Performance could be an issue for Mitre, as his potential HR/FB rates have caused some serious volatility in his projections, ranging from a 4.58 to a 5.08. That alone is cause for concern. But, when you have no depth and you’re anticipating injuries in your rotation, the performance of your front five might not be your biggest problem.
In the end, the Yankees will do everything they can to avoid plugging Mitre into the front five. Today, though, he stands as the Yankees’ biggest barrier to making the post season.
Something happened to Hideki Okajima last season.
Actually, two things happened to Okajima last season. First, his BABIP went through the roof, catapulting to a shocking .357. Second, his plate discipline indicators all took slight hits, which compounded to create a major deficit in his strikeout and walk rates.
Whether this was the cause of back and hamstring injuries or an overall decline is up for debate.
In fact, Rob Bradford has a great take on the subject over at WEEI.com that is well worth the read.
Before getting into a more protracted analysis, I’ll take the liberty of discussing some of Bradford’s finer points. In the article, Bradford breaks down Okajima’s fastball struggles at length, citing his failures at locating the zone, his struggles with BABIP against righties, and a dip in velocity.
While I concur with most of his points, the single critique I have is the role of fastball velocity and overthrowing on his location struggles. After reviewing the statistics in the article, he didn’t seem to have greater problems with location during pitches with increased velocity compared to those at lower velocities. Okajima’s batting average against righties didn’t seem to have a noticeable rise when dialing up the fastball, nor did it seem as if he located the pitch any worse.
That said, my interpretation of the evidence leads me to believe that overthrowing didn’t have much to do with Okajima’s struggles.
Other than that, I agree with all the other major points. In particular, I throw my support behind the idea that Okajima’s command problems were at the root of his struggle in 2010. Considering that Okajima is a low-velocity hurler, he may have been at greater risk of a regression should his location go in the tank.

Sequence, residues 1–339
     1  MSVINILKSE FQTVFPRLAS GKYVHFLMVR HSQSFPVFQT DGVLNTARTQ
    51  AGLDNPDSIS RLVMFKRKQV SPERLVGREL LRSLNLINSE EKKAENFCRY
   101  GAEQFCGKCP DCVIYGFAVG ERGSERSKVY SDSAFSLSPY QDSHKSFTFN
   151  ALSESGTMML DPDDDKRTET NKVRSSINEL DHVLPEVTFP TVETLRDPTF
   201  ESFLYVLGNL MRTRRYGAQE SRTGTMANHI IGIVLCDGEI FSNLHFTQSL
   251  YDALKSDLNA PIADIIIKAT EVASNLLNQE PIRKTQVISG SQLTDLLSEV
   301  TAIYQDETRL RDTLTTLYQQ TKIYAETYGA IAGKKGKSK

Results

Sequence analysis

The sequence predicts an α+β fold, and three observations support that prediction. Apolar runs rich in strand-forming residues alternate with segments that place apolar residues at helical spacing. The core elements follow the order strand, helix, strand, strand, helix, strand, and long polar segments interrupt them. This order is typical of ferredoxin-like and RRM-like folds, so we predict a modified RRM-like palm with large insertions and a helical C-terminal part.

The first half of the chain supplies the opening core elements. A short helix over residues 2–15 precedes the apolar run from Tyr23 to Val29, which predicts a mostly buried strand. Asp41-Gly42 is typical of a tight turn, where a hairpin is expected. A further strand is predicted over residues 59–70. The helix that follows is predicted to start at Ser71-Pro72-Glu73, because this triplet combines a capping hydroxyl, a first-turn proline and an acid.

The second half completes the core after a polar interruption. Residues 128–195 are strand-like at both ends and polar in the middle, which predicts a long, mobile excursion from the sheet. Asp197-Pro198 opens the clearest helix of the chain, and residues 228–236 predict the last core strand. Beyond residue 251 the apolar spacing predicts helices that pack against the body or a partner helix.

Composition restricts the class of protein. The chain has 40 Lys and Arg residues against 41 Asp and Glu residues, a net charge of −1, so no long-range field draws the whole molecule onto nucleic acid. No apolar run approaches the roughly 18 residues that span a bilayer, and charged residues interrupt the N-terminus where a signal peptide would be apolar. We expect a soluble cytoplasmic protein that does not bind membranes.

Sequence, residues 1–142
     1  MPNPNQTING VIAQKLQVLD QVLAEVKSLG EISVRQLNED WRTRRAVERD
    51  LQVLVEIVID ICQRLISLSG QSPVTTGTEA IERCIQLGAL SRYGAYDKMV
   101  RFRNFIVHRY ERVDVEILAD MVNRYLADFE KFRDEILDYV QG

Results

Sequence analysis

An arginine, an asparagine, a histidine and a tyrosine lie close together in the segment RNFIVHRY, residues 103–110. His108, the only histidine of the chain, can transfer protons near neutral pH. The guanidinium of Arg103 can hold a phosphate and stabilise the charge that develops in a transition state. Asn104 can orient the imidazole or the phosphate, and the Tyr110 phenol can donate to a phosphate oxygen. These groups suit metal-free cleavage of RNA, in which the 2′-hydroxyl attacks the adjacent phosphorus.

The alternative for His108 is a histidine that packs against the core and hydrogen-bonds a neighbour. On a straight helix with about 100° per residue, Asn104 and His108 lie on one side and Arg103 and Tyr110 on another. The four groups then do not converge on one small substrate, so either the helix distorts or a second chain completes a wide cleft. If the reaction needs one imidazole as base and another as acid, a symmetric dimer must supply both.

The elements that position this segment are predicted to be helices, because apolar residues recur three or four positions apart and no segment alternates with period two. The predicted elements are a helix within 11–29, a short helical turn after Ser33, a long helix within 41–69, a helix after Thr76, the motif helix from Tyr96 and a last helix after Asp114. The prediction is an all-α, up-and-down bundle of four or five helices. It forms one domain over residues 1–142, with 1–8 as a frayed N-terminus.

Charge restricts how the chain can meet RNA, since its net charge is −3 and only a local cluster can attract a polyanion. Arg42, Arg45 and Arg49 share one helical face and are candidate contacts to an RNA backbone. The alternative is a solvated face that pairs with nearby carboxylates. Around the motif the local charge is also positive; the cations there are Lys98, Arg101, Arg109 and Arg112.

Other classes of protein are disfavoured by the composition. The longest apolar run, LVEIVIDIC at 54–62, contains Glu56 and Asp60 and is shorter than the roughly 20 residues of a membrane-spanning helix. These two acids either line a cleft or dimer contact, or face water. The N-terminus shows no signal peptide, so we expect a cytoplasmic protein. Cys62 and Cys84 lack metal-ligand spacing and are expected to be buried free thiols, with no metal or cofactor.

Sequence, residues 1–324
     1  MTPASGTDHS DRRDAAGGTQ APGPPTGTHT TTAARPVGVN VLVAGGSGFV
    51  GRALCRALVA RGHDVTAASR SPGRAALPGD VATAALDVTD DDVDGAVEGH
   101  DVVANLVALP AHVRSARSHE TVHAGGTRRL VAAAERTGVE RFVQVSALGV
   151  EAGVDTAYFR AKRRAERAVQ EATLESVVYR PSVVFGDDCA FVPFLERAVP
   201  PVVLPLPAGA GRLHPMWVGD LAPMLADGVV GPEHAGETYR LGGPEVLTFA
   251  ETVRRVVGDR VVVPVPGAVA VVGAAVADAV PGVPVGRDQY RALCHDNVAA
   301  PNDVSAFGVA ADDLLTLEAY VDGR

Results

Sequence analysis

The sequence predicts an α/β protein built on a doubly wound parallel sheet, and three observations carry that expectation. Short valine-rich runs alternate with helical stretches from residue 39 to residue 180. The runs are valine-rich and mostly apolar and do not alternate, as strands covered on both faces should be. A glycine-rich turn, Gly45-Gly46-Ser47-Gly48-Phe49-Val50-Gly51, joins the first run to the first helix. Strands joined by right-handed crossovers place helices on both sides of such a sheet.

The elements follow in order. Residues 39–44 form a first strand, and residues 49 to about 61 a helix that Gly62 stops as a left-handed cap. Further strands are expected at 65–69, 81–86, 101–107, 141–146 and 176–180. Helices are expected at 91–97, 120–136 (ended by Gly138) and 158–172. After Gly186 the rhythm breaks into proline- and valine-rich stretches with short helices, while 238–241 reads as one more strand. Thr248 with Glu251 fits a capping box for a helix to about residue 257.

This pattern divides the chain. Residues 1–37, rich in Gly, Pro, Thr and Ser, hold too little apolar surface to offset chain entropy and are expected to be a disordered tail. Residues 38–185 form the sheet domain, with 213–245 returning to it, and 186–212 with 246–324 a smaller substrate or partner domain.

The primary advantages of velocity are that it gives a pitcher room for error in the strike zone while putting pressure on hitters to make their secondary pitches more effective.
Though there is no definitive study confirming this theory, there is evidence to suggest that it may have effects on BABIP. In addition, it makes sense that, at low velocities, we may see an increased negative effect of lost location. There is a wealth of knowledge that shows the effect of location on BABIP.
Theoretically, if a pitcher threw at high velocity, they would be able to these location-related hits via whiffs, inducing pop-ups and opposite-field fly balls, or by weaker contact.
If a pitcher threw at low velocities, they would not be able to avoid these location-related whiffs.
Theoretically, they would not be able to induce these pop-ups, opposite-field fly balls, or weaker contact.
Could this have happened to Okajima?
More importantly, however, was it the injuries, age-related decline, and/or a temporary, BABIP-sample size glitch?
If I were to put money on it, I would blame the off-year on the injuries and sample size discrepancies. However, injury has always been another word for age-related decline, so the two go hand-in-hand.
That said, the BABIP issue probably has something to do with the injuries. While it always seems impossible for sabermetricians to admit that BABIP is anything other than luck, I, for one, believe that pitchers — at the very least — have the ability to negatively affect their BABIP.
Location is a major contributing factor for hitter’s BABIPs, so it makes perfect sense that a pitcher who struggles with location would post a high BABIP. Hamstring and back injuries would affect a pitcher’s release point, which in turn would affect location. If Okajima was having problems locating a mediocre fastball, he would certainly qualify among those at high-risk of posting a high BABIP.
As is usually the case, everything is interrelated and we arrive at the conclusion that all three factors were at play. Okajima is getting older, which makes him more susceptible to injury, which will decrease the effectiveness of his pitches.
If this analysis is correct, Okajima should be able to bounce back — as long as he is healthy.